Friday, 28 June 2013

Robert Lucas Blues

Once upon a time, when I was still a full time audiophile and the Internet was in its infancy, I wrote a review for Robert Lucas' aptly named blues record, Completely Blue. In that review I claimed this album from this rather elusive artist is, in my opinion, the best blues album I have ever heard.
I can discuss how I got to hear of this particular album and this particular artist in detail, but suffice to say my exposure came through Lucas recording through an audiophile label, Audioquest. The more interesting story is that as a result of my review I got Lucas' agent to contact me to ask if I really meant the compliment; I explained that I did, and in the course of our email correspondences we got to talk about this and that and what the agent thought would be good for Lucas' future career.
Years went by. I am no longer the audiophile I used to be; I have a family, a mortgage, I moved to the other side of the globe, and I hardly get the time to properly listen to music anymore. In many respects I am quite different from the person I used to be. But yesterday, as I was sick [again!] at home, I foraged through Spotify collection of long forgotten Audioquest recordings and stumbled upon Lucas'. I hit play and listened to his I Miss Being High, a song about you-know-what, and immediately recalled how much joy Lucas' songs about food and being fat brought me. I continued listening through sheer delight; the thought I had in my head after that album and Luke and the Locomotives finished playing were along the lines of "after all these years, this is still the best blues album I have ever heard".
Then I read Spotify's biography of Lucas, and found he had died of drug overdose back in 2008. My thoughts returned to his I Miss Being High, a song that had many a friend laugh (not to mention some nice memories with female friends these laughs were partly responsible for). I realized that the sad reality is that the song was probably more than a laughing line for Lucas himself.
But I still have his music and I still love it. It's my kind of blues.


Image: Completely Blue by Robert Lucas

Wednesday, 26 June 2013

Stereo Types

midnight train

Allow me to systematically assess the transport related evidence at my disposal.

State #1 (normal state): Yours truly in Australia
  • The last seat in the carriage to be taken is usually the seat next to me.
  • I only need one hand to count the number of times a woman sat next to me on the train when other seats were still available.
  • I often get scared looking stares on the train. Especially since I started bearding up. And especially when I unzip my bag (usually for the purpose of getting my Kindle out).

State #2 (recorded during April): Yours truly in Israel
  • People seem to sit next to me on the bus just as often as they seemed to sit next to anyone else.
  • People stopped me, asking for help with navigation, at a rate averaging three times an hour. Yes, I measured.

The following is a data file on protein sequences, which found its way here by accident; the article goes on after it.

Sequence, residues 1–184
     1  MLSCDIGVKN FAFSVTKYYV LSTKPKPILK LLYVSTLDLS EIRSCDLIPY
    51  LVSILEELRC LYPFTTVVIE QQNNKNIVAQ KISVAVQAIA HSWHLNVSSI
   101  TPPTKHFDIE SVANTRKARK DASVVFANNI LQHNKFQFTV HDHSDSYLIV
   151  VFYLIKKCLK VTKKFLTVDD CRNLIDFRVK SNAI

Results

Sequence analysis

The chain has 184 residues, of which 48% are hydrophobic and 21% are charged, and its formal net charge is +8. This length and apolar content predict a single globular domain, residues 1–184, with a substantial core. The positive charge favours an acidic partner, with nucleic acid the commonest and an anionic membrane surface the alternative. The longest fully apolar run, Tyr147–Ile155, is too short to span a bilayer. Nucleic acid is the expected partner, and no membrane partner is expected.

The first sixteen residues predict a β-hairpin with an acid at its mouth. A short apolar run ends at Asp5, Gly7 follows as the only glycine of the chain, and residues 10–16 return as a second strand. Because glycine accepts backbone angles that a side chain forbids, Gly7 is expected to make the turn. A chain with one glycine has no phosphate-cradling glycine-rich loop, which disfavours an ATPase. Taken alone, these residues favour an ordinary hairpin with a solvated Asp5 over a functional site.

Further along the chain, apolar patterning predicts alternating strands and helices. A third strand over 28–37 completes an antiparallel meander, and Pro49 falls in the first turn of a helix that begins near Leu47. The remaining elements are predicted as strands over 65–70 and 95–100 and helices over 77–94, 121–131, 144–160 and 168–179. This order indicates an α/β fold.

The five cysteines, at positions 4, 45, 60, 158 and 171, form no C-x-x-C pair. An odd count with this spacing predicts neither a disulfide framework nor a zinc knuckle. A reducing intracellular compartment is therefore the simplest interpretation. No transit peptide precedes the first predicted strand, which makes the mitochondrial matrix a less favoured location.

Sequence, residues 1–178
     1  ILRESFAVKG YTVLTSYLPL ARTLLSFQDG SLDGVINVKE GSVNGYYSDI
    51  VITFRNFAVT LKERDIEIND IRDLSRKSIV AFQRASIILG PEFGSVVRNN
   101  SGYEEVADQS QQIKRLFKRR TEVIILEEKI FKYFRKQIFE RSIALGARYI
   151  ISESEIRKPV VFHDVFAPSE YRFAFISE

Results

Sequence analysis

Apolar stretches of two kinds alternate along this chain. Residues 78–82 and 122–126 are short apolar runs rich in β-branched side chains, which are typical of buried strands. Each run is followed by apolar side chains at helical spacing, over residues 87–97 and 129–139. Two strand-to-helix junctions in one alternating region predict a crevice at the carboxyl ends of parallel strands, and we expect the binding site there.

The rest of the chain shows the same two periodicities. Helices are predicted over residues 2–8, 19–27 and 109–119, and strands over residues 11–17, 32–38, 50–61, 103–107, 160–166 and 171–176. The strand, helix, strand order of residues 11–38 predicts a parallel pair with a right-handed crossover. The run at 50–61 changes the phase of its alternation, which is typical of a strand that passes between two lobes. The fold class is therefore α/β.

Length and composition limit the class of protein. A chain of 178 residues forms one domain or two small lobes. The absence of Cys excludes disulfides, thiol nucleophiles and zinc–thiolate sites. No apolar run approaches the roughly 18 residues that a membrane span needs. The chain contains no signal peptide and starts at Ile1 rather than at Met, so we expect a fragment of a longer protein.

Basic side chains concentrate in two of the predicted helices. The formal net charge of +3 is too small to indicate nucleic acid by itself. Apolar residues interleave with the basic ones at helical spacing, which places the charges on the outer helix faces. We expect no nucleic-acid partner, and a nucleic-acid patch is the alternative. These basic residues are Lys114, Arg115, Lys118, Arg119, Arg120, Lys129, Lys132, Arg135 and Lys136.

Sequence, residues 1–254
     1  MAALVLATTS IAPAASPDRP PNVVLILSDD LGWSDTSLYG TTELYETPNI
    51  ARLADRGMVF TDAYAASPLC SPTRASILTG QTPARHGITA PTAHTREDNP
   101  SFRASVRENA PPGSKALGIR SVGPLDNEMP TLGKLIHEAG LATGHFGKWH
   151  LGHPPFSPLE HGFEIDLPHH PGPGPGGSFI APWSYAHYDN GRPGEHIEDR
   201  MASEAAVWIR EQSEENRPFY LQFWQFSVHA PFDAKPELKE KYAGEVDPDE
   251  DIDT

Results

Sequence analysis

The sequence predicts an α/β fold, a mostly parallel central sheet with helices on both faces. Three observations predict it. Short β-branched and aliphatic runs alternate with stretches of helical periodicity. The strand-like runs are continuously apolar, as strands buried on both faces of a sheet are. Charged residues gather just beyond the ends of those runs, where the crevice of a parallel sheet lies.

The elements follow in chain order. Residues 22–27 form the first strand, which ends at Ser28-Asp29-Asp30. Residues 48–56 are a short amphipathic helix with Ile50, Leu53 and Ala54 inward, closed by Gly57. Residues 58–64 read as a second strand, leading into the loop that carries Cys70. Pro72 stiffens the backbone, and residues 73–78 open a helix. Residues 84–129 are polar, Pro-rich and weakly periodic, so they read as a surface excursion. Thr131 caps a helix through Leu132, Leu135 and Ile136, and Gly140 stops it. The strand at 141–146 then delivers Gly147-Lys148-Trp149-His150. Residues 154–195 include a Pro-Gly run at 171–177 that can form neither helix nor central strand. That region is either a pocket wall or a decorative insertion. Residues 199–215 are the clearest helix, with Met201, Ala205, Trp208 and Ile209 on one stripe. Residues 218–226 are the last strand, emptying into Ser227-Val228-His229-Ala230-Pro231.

Given the above inputs, I am suggesting the following hypothesis:
Stereotypes are highly geographical. What counts at each location is what people are used to seeing, with people belonging to minority demographics tending to get rejected.
In other words, we feel comfortable with the common and the average and we fear the strange.


Image by Jonathan Warner, Creative Commons license

Tuesday, 25 June 2013

Mama


One thing I was never quite good at, and one thing I don’t think anyone should be doing and expect to be healthy for it, is keeping things inside one’s stomach. Don’t ever ask me to keep a secret!
This post is therefore dedicated to something I have been keeping in my stomach for a few weeks now. At first I wrote a very angry would be post but then decided to censor it; then I hinted at it; and now I have determined that for any healing process to be able to take place I need to spill things off my guts first. So here goes.

The matter at hand is a follow up on the quarrel I have been having with my brother. To the benefit of those of can’t be bothered to read the link, I will cite here that he determined he’s not talking to me anymore other than on matters relating to our ill father. His decision was made on account of my views on Israel and the shame these views bring upon him and my family, my own wife included. [Unrelated note: this whole “I think you’re an idiot therefore I won’t talk to you about anything other than X” is bullshit; how can we talk to one another about anything when we totally lack respect for one another?]
The escalation point triggering this post is the involvement of my mother in this quarrel. It’s very simple, really: from the second I told my mother what took place between my brother and I she never bothered to hear any of the case’s evidence; she immediately labelled me an idiot and took my brother’s side.
Now, I have been listening to my mother calling me an idiot on a fortnightly basis, more or less, since I was six or so. I learned to live with that: at first I had to listen to lots of Pink Floyd music to compensate; later I learned to blame my mother for the faults she found in me; and even later I learned there’s this whole joke thing concerning Jewish moms. As in, I found out I was not alone.
There are, however, a couple of caveats to take note of when it comes to my tolerance of the current situation. The first is that the wheels have turned: instead of a dependent boy looking up to his mother, it is my mother who is now seeking my help. There is that much help, or a simple sympathetic ear, that I am willing to lend a person who keeps telling me I’m an idiot. Especially when I clearly disagree with the diagnosis (note it is clearly not my views that are labelled idiotic; it is me, the person). Thus I am rediscovering a deficiency in the Ten Commandments that Christopher Hitchens told us about years ago: they tell us to honor our mother and father; but what about parents honoring their children?